Leadership

Use D.A.R.T to Remember the 4 Keys to Effective Leadership

D.A.R.T

This August, a record-setting 4.3 million people left their jobs according to the US Department of Labor. At the same time, the number of job openings remains at a record-high level as companies scramble to find workers.

The Great Resignation is really the great worker awakening. If someone is not happy with their boss, or the company culture, well, they’re going to go on to another organization that will match their needs and values. Throughout my career, both as a manager and as an executive coach, I have seen thousands of people quit over neglect, lack of respect, lack of empathy, and a lack of career advancement opportunities. At this moment, there are about 10 million open jobs in the US, however they are vacant because people will no longer accept dead-end jobs, let alone for low pay.

So as a manager, how can you retain your employees at every level during these times?

To find out what your team wants from you as a leader, use the acronym D.A.R.T which I incorporate into my leadership training programs:

D = Direction

A = Appreciation

R = Respect

T = Tools

Together, D.A.R.T is a comprehensive guide to effective and empathetic leadership.

Direction

Do all your employees understand exactly what you expect of them? Do they know why they are doing it? Do they know if they are doing a good job or not? Does each of them know what areas he/she needs to improve? These are very important questions that team members need strong guidance on. Giving effective direction is the core of strong leadership, and it is one thing that all our employees want from us. When these areas remain vague in the minds of your employees and you don’t give adequate direction, employees end up taking no action or make poor decisions based on inadequate information, or worse, making no decision at all.

Appreciation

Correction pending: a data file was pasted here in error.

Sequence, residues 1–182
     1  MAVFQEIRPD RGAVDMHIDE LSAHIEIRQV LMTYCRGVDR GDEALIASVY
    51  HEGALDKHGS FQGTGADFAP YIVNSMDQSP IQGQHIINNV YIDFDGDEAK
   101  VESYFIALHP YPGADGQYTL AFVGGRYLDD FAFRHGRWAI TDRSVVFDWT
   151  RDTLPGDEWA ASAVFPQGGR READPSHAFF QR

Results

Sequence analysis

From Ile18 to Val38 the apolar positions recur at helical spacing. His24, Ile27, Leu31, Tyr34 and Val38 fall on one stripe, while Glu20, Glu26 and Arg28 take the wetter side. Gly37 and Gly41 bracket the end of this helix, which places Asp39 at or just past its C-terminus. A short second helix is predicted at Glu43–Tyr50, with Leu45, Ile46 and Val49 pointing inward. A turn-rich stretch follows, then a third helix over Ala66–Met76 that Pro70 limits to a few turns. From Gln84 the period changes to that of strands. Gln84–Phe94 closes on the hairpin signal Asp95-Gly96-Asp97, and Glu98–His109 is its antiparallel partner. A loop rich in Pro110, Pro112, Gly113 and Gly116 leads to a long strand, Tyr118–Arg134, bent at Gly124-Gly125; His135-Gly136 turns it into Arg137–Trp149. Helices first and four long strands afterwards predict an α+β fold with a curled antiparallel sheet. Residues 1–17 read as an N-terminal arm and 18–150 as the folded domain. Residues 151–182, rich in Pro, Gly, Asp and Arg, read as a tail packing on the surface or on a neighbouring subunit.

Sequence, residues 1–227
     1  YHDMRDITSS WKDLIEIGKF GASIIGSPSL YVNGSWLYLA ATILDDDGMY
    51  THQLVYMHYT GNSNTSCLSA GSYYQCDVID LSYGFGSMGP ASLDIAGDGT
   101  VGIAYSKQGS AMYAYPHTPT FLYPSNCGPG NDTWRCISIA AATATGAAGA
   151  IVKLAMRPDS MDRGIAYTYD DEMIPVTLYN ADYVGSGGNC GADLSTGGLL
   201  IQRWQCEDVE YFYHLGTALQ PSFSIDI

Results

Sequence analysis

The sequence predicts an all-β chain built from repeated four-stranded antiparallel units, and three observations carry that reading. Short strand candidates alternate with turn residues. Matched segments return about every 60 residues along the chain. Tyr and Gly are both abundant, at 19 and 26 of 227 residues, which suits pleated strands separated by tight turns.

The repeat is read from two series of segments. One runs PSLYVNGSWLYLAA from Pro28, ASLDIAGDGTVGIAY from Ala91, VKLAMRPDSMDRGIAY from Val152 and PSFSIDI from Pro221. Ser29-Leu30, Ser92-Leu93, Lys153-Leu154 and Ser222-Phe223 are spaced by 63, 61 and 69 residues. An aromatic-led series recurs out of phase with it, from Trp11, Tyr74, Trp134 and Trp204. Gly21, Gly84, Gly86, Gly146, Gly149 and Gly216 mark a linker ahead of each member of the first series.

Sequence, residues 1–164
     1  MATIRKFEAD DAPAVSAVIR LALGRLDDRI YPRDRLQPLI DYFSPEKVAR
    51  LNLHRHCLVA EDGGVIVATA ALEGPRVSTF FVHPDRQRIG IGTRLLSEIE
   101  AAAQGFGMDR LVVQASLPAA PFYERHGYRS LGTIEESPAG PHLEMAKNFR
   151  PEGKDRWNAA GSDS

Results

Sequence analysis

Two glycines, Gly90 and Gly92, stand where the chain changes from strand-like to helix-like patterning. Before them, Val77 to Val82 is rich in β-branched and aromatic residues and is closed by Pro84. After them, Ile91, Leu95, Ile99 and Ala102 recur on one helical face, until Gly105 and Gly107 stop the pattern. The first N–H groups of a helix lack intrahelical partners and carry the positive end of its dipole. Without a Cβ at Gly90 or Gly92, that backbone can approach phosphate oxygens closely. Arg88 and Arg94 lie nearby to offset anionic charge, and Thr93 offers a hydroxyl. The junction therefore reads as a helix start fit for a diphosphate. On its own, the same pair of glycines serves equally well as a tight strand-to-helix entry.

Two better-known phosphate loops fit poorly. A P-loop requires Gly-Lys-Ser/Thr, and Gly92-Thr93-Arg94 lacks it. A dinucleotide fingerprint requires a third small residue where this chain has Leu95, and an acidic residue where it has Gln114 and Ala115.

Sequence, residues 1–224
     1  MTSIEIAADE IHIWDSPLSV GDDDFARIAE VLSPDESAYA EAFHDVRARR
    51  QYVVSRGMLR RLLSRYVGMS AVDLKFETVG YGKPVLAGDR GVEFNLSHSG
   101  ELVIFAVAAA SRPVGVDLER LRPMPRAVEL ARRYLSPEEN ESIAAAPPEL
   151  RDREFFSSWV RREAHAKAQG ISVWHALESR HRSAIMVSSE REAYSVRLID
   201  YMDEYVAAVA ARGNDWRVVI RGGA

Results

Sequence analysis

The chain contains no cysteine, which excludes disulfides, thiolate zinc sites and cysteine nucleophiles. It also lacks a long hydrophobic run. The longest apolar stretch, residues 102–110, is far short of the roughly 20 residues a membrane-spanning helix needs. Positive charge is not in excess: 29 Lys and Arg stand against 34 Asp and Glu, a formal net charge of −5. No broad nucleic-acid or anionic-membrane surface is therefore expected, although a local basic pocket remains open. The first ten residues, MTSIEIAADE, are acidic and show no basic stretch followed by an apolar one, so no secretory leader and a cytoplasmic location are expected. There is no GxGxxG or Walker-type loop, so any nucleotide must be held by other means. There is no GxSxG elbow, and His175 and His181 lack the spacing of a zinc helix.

Your people naturally look to you for direction and support for their day-to-day work. But they also need you to recognize their unique needs, abilities, and potential. The single most common cause of employee dissatisfaction and behavioral issues is the feeling that their efforts are not recognized. Sending the message to your employees that you appreciate their hard work as well as your ability to address their practical and personal needs, will go a long way toward fostering a happy environment where people feel they’re doing meaningful work. When people feel appreciated and that their work makes a difference, their productivity, morale, and, ultimately, business performance increase significantly. Even if your employees aren’t hitting the mark 100%, you need to let them know that you appreciate their efforts.  This doesn’t mean that you need to pretend that they’re doing a great job when maybe they’re not, or gloss over mistakes they may make, but it does mean that just as much as you’re on the lookout for things your employees are doing wrong, you need to also be looking for the things that your employees are doing right, and then letting them know that you’ve noticed it. An employee who does not feel appreciated will lose their motivation and creativity. When they don’t feel as though they’re being appreciated in the workplace, that’s when you end up with employees who have the ‘’I work my hours and do my job and nothing more’’ mentality, which can be very detrimental to any workplace environment, especially if that attitude starts rubbing off on the rest of the staff.